I had my first panic attack while in a dentist’s chair when I was about 7 years old. Surprisingly, I have no fear of dentists. In fact, she was the first doctor I visited once I was vaccinated against COVID-19.
It was my second panic attack when I was about 12 years old that had the biggest impact on me. It’s the main event on which I continued to build upon the spiritual foundation that a Catholic school upbringing — sprinkled with exposure to other religious beliefs — had begun building years earlier.
Thanks to my father’s library of books, and his way ahead of his time spiritual beliefs, I was exposed to different religions at a very early age. Among my dad’s cool factor attributes that I didn’t fully appreciate at the time, is that he taught yoga to a group of friends one night a week in our family’s apartment on Carroll Street in Brooklyn.
I was grounded in my beliefs in God, heaven, and was sure the afterlife was real. I questioned nothing of what I was taught in school … until that day in the 8th grade when the priest who taught religion planted a seed of doubt in my mind.
The specifics are foggy, but the impact was real. This priest — this man who was supposed to be an authority on all things God related — was asking questions that in my 12-year-old mind, priests were not supposed to ask. He was expressing doubts that a “man of God” wasn’t supposed to have.
For the first time in my life, a religion teacher was asking questions, instead of giving answers. He was acting very much like a human being, nothing like a man of the cloth was supposed to act.
The room spun. I couldn’t catch my breath. Reality was replaced with what I was sure was my imminent death.
I don’t know how I made it through class, but when the lesson ended and our homeroom teacher came back, she could tell something was not quite right with me. My mom came to pick me up.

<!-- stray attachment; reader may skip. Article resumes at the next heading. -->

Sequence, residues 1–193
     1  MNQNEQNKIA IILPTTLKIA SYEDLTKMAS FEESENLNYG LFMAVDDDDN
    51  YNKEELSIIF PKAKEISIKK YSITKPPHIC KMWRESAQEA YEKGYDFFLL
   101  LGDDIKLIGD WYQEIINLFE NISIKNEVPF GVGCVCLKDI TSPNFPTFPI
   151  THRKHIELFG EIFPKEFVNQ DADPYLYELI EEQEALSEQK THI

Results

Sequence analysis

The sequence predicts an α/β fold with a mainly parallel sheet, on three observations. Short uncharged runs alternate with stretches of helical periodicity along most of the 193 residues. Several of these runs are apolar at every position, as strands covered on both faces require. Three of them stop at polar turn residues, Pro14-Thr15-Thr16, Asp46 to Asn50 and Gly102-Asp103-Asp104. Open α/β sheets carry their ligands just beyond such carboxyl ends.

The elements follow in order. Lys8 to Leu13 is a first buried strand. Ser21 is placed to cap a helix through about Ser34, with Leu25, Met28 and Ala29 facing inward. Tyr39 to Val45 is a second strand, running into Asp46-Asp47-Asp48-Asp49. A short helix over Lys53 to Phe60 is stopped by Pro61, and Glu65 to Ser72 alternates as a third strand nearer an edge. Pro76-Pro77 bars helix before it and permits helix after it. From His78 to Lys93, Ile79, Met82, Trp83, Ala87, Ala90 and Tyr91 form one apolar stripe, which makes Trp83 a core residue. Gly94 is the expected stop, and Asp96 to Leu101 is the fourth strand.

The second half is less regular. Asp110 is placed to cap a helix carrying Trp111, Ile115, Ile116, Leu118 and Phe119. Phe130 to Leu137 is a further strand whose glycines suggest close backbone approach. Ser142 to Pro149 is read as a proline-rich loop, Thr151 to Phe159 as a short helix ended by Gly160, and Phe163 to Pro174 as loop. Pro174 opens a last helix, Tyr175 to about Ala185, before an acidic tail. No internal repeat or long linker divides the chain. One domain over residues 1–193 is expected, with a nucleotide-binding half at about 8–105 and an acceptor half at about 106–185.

I was sent home, and my life would never be the same.
I was blessed with parents who didn’t make a big deal out of my episode. Mom took me to the doctor who found me a perfectly healthy soon-to-be teenager. He and my mom exchanged a look of “knowing” that I didn’t understand until years later.
Hormones and life were battling for my attention.
Eighth grade ended, and my years at St. Brendan’s High School began. It was there that I met the cool nuns and priests who were nothing like the ones I had known before.
There was Father Cowan who we called George because well, that was his name. There were the nuns who didn’t wear habits and were young enough to be the daughters of the nuns who had taught me in elementary school.
Best of all, there were the spiritual retreats at St. Gabriel’s Retreat House on Shelter Island, where I confronted the demons who prompted my 8th-grade panic attack and recognized they had been angels in disguise.
I realized that questioning my religious beliefs was not the end of my faith, but the first step towards true belief.
Today, my panic attacks are few and far between. But instead of fearing them, I recognize them as imminent breakthroughs. That doesn’t mean they don’t scare the shit out of me when they’re happening. But knowing there’s light at the end of the panic tunnel, makes the darkness not only bearable … but welcome.